Tech Primer: What are Smart Contracts?


 are computer protocols that facilitate, verify, or enforce the negotiation or performance of a  contract, or that make a contractual clause unnecessary.  Smart contracts usually also have a user interface and often emulate the logic of contractual clauses.” – Wikipedia

Smart contracts seem to be all the rage right now, and there have been quite a few posts about them on Twitter, LinkedIn, and in the blogosphere recently.

So… what are they?

You have more than likely experienced a smart contract within the last 12 hours, either personally or as an unknowing (or knowing) participant: Digital Rights Management as an example, whether for music or movies; Hotel room key usage; Online gambling (I hope not); Mobile data usage and overage charges; Book/ship arrangements for service payments. The list goes on and on.

More commonly, today, you are likely seeing these terms floating next to the words , Codius, or (who has been in the news of late due to a hack), or . None of these are required to have a smart contract, but they are likely culprits for increasing the buzz-wordiness of the concept.

Smart contracts basically boil down to this (simplified) explanation: Two people, or entities, decide on an arrangement that can be both digitally validated and enforced. A trusted electronic system monitors the validation point(s) and when a criteria has been met, the system enforces the arrangement. Here’s an overly-simple example:

  • You want to rent a movie on DVD.
  • You swipe your credit card at a kiosk.
  • Your card is approved and rental funds are moved into the DVD owner’s account.
  • Upon receiving the funds, the movie is released from the mechanism and you may take it.
  • If you fail to return the movie within a time limit, you are billed the cost of the DVD.
  • Attempts to rent another movie while you have another rented are rejected.
  • Returning the movie — or a purchase transaction — frees you to rent another DVD.

The smart contract says you are welcome to rent the movie as long as you pay a fee and agree to be charged for a purchase if you fail to return it. The mechanism of enforcement is built into the lock/holding mechanism and the trusted system (you do trust your movie vendor, right?)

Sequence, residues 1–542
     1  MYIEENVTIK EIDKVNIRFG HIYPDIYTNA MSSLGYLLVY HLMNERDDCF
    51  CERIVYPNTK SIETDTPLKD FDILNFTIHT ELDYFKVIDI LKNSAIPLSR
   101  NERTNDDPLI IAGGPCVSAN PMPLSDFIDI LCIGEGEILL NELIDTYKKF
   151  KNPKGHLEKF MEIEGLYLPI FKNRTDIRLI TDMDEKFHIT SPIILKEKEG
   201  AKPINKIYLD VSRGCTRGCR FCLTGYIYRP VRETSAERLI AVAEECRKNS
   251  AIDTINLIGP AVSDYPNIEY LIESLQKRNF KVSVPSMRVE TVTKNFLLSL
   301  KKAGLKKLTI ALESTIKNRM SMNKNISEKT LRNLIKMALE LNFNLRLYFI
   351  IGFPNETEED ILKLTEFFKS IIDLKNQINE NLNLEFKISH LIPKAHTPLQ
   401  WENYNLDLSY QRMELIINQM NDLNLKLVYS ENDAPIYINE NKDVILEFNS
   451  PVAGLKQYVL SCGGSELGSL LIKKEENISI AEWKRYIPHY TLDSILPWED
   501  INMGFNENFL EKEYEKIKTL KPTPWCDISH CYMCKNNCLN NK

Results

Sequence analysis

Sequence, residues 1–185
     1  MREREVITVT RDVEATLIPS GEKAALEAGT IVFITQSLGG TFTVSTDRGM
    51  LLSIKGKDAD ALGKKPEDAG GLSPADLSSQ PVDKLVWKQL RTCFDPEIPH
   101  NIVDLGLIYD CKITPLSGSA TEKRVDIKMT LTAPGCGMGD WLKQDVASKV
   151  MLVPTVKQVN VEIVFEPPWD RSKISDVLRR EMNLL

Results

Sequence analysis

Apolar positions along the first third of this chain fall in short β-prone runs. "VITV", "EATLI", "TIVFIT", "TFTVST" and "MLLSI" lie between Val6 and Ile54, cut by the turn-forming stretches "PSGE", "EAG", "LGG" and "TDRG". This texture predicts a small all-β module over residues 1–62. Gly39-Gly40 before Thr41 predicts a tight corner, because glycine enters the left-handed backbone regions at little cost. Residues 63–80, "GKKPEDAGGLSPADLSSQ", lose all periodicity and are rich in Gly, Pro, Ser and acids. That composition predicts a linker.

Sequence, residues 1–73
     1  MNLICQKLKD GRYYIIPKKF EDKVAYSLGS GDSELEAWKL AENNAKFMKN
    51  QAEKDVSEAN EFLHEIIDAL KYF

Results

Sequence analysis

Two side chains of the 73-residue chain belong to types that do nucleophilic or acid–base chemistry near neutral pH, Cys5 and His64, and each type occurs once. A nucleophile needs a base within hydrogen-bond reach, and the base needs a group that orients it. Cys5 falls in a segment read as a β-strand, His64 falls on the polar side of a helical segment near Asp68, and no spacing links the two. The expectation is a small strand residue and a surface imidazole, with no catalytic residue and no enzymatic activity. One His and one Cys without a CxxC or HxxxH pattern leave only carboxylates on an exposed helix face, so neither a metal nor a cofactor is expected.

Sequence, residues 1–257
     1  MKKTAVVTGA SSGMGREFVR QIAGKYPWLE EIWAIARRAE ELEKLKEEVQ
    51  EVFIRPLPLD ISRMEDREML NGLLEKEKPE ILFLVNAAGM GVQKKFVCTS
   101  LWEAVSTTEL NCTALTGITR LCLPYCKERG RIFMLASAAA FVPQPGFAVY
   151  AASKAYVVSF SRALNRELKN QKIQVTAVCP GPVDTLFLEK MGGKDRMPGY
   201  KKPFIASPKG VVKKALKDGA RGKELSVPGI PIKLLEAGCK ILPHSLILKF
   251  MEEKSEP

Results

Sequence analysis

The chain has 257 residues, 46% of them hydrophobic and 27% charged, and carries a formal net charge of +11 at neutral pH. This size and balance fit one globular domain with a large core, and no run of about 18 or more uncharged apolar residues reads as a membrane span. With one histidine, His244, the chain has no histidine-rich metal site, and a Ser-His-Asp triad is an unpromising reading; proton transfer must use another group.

The example above is a physical implementation of DRM, the same process could be illustrated for digital locks on Pay Per View movies or downloadable content such as text-books or streaming music. The same IF THEN ELSE rules apply: IF something happens THEN do this, ELSE do this other thing.

  • IF it’s the first of the month THEN pay the rent
  • IF I am thirsty AND it’s 6pm on Friday THEN beer, ELSE water
  • IF VALUE(MyStock) < $5 THEN BUY(MyStock) ELSE SELL(MyStock)

The Contract is Smart as long as the criteria can be electronically validated in some way that both parties trust and the enforcement can be done electronically and automatically.

The key to why you’re seeing more and more talk about Smart Contracts is the interest in several frameworks and systems that are being built. Bitcoin and Ethereum, or Barclay’s use of R3’s Corda platform being prime examples of some of those systems.

That’s it, Smart Contracts in a nutshell.

** Tech Primers are meant to be brief and to the point, they are by no means comprehensive. Want to learn more? A good book, your local technologist, Google, and/or Wikipedia are all great resources! ** 

[linkedinbadge URL=”” connections=”off” mode=”icon” liname=”Jerry Gilreath”] is IT executive at RagingWire Data Centers.